So whats the problem with our water? It smells, and it smells bad. I didn't ask for a ton of specifics on the water testing, I just wanted to make sure it was safe to drink, and the hardness was just something that they told me about. But as to the smell, I can only assume its a sulfur smell. The testing guy didn't tell me and I didn't think to ask. As I said, I grew up in the country and the water is not out of the ordinary for me. The water where I grew up was hard as nails, but it did not have the taste that goes along with the smell of the water out here. When you take a drink, and hold the water in your mouth, the smell,,, kind of translates directly into how the water tastes. I don't know if I am explaining that well, but suffice to say, even for me the taste was not exactly pleasant. We own two parrots and the wife started buying them spring water in loo of the tap water. And we started buying bottled water, mostly because my wife would not drink the tap water period, and heck, if we have spring water in the house, I'm not going to "Not" drink it. The spring water was not exactly a large money burden, but it was a bit of a pain to store and bring home all the time. So the wife bought a PUR faucet attachment to try and see how it went. Well, she uses the water for the animals, but we still drink the bottled water.

The PUR was an absolute pain on the faucet. I can't stress this enough. I can't understand why anyone would willingly put one of these on the kitchen faucet. But the faucet was leaking around all of the gaskets anyhow so we decided to change it out. We got a really nice Delta Leland faucet. We love the pull out spray nozzle, but there is no way to attach the PUR, (which secretly I had in mind from the git go). But while at HD, we saw some under sink water filtration units. I went home and did some research, and turns out that the Lowes and HD models had mixed reviews at best, and the ones that rated them negative had some fairly credible and not insignificant complaints. So I turned to Amazon for alternatives where I ran into This Baby. It had excellent reviews, and the biggest complaint that I felt was legit, was the adapter valves construction.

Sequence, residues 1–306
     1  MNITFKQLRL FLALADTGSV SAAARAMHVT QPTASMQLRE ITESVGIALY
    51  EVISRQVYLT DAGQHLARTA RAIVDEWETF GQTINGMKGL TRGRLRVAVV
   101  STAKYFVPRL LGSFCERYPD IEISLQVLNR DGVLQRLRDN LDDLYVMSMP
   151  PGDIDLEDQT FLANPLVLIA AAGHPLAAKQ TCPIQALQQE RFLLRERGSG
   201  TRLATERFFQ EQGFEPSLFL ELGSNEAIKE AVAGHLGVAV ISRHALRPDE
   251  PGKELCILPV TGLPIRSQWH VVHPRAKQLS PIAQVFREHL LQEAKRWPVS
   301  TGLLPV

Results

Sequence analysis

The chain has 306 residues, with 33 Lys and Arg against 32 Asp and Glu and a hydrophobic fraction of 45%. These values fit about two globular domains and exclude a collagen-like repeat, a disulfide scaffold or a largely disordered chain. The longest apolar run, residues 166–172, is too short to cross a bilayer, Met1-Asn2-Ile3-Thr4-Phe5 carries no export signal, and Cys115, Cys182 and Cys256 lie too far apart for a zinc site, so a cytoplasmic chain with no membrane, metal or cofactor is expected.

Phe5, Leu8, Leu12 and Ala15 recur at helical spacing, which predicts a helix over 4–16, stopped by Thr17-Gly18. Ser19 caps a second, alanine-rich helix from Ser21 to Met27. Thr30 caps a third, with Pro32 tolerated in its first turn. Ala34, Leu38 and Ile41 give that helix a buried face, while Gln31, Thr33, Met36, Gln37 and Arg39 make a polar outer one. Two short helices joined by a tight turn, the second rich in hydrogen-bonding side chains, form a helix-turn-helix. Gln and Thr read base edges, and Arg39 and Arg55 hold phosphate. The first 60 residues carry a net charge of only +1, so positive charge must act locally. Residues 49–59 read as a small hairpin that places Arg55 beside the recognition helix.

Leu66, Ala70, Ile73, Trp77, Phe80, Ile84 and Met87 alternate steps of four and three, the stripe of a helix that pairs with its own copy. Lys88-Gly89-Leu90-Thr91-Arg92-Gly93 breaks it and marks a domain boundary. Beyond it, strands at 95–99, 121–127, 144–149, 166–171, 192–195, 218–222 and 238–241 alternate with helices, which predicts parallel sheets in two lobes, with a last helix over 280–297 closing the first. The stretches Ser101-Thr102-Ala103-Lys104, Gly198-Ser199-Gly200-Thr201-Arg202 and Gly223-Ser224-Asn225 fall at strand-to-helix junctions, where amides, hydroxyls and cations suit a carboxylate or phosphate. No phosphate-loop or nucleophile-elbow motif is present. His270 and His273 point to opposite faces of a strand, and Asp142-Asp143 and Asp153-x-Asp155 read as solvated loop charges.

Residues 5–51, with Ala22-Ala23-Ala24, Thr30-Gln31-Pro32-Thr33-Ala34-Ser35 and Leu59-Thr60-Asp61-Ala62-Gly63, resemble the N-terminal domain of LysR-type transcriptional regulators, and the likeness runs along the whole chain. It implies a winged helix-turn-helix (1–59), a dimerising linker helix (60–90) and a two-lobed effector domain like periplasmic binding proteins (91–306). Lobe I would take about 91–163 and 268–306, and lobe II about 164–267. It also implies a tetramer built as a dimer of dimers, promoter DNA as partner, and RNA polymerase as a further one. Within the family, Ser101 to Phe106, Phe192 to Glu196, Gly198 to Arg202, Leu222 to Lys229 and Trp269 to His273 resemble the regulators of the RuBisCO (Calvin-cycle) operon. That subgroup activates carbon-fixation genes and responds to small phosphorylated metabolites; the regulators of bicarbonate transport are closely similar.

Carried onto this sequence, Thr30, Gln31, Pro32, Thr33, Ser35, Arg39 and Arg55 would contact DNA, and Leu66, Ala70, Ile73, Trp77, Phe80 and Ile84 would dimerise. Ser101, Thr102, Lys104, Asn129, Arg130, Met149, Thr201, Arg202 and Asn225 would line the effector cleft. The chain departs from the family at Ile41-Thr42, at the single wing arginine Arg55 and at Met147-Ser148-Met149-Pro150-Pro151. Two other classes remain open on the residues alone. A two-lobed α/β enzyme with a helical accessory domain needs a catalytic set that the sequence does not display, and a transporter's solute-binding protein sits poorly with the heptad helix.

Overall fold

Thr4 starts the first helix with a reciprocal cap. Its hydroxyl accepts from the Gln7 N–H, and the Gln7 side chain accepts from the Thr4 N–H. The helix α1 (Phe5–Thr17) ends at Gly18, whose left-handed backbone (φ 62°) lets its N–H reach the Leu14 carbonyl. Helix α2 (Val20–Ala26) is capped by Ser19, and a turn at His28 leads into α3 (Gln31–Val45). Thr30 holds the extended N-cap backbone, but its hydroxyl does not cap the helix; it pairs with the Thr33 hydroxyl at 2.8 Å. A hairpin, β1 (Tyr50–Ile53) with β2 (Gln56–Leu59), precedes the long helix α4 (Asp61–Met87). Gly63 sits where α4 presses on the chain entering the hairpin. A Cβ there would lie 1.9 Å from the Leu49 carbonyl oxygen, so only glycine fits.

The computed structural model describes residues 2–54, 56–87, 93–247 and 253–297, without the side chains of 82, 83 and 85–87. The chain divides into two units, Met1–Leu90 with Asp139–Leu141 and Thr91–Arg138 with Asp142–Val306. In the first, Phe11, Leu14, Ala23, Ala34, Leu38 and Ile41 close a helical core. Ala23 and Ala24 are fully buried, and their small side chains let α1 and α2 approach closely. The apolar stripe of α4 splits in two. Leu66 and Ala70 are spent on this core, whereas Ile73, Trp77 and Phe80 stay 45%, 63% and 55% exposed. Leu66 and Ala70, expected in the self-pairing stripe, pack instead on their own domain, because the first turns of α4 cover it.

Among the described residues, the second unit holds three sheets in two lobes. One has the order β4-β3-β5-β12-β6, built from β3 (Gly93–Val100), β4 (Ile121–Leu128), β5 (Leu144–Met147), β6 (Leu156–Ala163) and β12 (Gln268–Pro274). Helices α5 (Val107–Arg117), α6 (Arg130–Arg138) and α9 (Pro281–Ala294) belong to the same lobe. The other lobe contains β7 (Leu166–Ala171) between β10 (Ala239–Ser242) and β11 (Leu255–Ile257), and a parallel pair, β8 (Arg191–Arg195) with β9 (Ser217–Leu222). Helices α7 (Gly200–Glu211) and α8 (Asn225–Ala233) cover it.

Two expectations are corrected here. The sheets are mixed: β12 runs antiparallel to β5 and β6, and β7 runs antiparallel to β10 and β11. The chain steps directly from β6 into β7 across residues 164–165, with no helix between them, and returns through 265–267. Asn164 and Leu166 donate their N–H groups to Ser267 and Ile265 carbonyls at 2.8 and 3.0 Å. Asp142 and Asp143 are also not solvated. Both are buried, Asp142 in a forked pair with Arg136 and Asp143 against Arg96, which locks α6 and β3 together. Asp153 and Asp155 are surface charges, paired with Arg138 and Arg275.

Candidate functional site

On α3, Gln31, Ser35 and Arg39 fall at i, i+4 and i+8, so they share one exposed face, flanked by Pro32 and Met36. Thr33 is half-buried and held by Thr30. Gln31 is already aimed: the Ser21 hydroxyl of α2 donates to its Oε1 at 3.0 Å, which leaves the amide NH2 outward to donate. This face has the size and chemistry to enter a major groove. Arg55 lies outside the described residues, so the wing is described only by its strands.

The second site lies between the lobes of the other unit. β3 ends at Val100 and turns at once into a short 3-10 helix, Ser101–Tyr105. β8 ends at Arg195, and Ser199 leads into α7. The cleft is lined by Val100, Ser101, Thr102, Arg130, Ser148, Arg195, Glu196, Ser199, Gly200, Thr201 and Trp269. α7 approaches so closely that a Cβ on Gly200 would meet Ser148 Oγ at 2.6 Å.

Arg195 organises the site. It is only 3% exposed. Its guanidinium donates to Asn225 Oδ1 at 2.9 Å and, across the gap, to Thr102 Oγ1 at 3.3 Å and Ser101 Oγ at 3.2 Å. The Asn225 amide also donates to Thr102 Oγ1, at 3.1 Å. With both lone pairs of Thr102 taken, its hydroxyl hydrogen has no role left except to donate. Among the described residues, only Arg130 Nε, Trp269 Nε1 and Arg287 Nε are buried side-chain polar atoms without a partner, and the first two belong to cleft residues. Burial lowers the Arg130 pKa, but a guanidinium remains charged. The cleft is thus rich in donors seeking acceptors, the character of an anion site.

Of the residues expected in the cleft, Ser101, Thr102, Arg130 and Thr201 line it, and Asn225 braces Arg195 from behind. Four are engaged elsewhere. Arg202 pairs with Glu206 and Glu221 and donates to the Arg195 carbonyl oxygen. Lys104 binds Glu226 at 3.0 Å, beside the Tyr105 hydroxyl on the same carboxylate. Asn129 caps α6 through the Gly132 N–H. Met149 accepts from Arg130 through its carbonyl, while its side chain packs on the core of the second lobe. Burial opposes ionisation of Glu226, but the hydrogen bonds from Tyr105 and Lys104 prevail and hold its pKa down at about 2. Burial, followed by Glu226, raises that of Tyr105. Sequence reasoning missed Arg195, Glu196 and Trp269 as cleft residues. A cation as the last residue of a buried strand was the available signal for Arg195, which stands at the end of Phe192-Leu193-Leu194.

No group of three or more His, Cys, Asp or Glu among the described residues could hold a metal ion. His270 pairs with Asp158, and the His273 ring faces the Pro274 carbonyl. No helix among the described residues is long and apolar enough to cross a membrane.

The install:

I spent two hours installing this. Keep in mind please, this install would not take any normal human being nearly this long. Honestly, if I were in a rush, I could have installed this in like 15 min. But as it happens, I had a day off work and was home alone, so I took loads of time to read the instructions word for word, and I didn't exactly push the install hard. I just,,, took my time. I considered the plastic valve carefully. I am no fan of plastic mechanical parts. PVC pipe is one thing. But I like to get good quality brass fittings when ever it is possible. Now, I could have gone to the store and got one of these in brass. (I think). But the valve, though cheap, didn't seem to be altogether garbage. Warning, if you over crank on any of the threads, you may well have a problem. But, I had time. So I was GINGER with it. Snugged things down good, but didn't over tighten anything. To my pleasure, not a leak anywhere. Although I would gladly have paid for a brass fitting in the kit, hell, id of happily paid and extra 20-30 bucks for one to just come in the kit. But, this one simply works. I'm not tickled that its plastic, and I can tell you that if you abuse it during the install, I can see where you would have fatal issues with it. But, there is no doubting the final results on my end. It just,,, works. On to the faucet. The one thing I do not like about the faucet is where the neck fits into the valve fitting. I like things of this nature to be able to articulate back and forth with just a bit of friction, and to be stable in the vertical direction, with no play. This faucet does have a bit of play vertically when you twist the neck left or right. It just feels cheaply put together and I do worry about it leaking over time from being flexed back and forth when you twist the neck. It seems like an unnecessary amount of ware on the gaskets because the tolerances were not engineered to be closer. It feels flimsy. However, I do find much else to like about it. The metal seems to be,,, great frankly. Good metal. The coating seems also to be very good. There is a gloss coat over the metal that should keep the metal from staining from contact with water, as stainless has the propensity for. And to my surprise, it matches up so well with the Delta Leland, you would think that they were all part of the same kit. It really looks sharp next to the Delta. I can't speak to longevity as far as gaskets are concerned, only time will tell how long the faucet will hold up without leaking. But it functions with no problems out of the box, and it looks just great.